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A Community Led Approach to Sustainable Rural Development

 

Yorkshire Dales LEADER Programme has been set up to build a sustainable community and economy that capitalises on the area’s environment, landscape, culture and heritage.

10/07/18

Brymor Ice Cream Parlour and Farm Shop Extension

Yorkshire Dales Leader Programme

The Local Action Group have approved a project from Brymor Ltd to develop their visitor facilities near Jervaulx Abbey in Richmondshire.

 

There are three elements to the project:

  1.  An extension will be built which will increase seating capacity from 130 to 240 and allow the farm and gift shop to expand by 50%.  The extension will allow the business  to clearly separate ice cream sales from hot food/cafe sales and provide additional space for farm shop retail produce 
  2. Develop online sales through the website. A further revenue stream will be developed through the introduction of an online farm shop which will allow the business to sell products to a wider audience and also throughout the year
  3. Upgrade of the Existing Kitchen Facilities. Food is currently prepared using small, domestic grade appliances which are not designed for commercial scale food service. The existing kitchen area will be re-configured and new, industrial scale appliances will be installed which are capable of serving the increased numbers of visitors expected by the new facility
More updates will be added as the project develops.

 

Projects featured

 

Top Ten Tips for Applicants

 

 1.        Start planning early

If your project is successful you will need to be very organised in order to be able to claim the money.  It is much easier if you understand from the start what you will need to do later.  You can then budget in the costs to your project.  Don’t try to change your project in order to match the funding stream – there will be more appropriate sources of funding out there. Please read carefully the National Issued Applicant Handbook to ensure LEADER is the right fund for your project.

2.        Talk to other similar projects in your area

You may get some good ideas from other projects, and your project is likely to be stronger if you can collaborate with others.

 

3.        Check the website and guidance notes when completing your form

There is lots of help and information available for you to save you time and make your life easier.  The guidance notes explain a lot about what we are looking for in your application and even give some examples of how to fill in the form. Take time to read them several times to avoid simple mistakes being made. Re-read the National Issued Applicant Handbook.

4.        When writing your application, assume that the reader knows nothing about your organisation or your project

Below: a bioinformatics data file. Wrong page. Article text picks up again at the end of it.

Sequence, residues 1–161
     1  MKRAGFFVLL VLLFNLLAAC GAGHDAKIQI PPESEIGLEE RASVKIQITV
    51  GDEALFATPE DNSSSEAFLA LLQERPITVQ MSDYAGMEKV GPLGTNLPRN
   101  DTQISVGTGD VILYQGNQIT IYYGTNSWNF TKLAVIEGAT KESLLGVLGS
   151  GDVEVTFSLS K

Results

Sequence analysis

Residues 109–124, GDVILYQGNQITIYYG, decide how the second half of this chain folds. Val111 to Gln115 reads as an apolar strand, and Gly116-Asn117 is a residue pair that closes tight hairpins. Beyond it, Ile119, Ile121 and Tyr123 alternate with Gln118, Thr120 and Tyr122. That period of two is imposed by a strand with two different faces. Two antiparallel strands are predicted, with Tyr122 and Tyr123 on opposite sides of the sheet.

Explain clearly who you are and what you intend to do.  It is fine to use acronyms if you explain them the first time you use them.  Try to see your project from the LEADER panel’s point of view.  What will make them want to fund it? The funding is discretionary, so make full use of the application form.

 

5.        Make sure you explain exactly what you want the money for

Explain very clearly what you want the money for and how you have arrived at these costs to make sure the decision makers understand your project properly

 

6.        Include the right skills and expertise in your project team

It won’t help if you try to “make do” – you need to ensure that you have the right skills to carry out your project effectively.  That gives your project the best chance of success, and any professional skills you reasonably need to buy in can also be added to the project costs.

7.        Every section of the application form will be considered when making the final decision

For example, evidence of need helps to show why you need to carry out the project at all. The options appraisal helps show how you came to the conclusion that the project proposal is the best way to meet these needs.  The risk assessment demonstrates that you have really thought the project through and are realistic about what could go wrong and how you would deal with it.

8.        It will help to provide additional information with your form

If you have them, your environmental and equal opportunities policies will help show that you take our cross cutting themes seriously.  You may want to include letters of support if approporiate.  All Capital projects will be expected to provide architect’s plans. 

 

9.        Grants are paid in arrears, so make sure you can cover cashflow

You will have to pay the invoices in relation to your project before you can claim the money back from us, so make sure you have a way of paying them in the first place.

10.    Your project sponsor is there to help you –

Rima.berry@ydmt.org or 015242 51002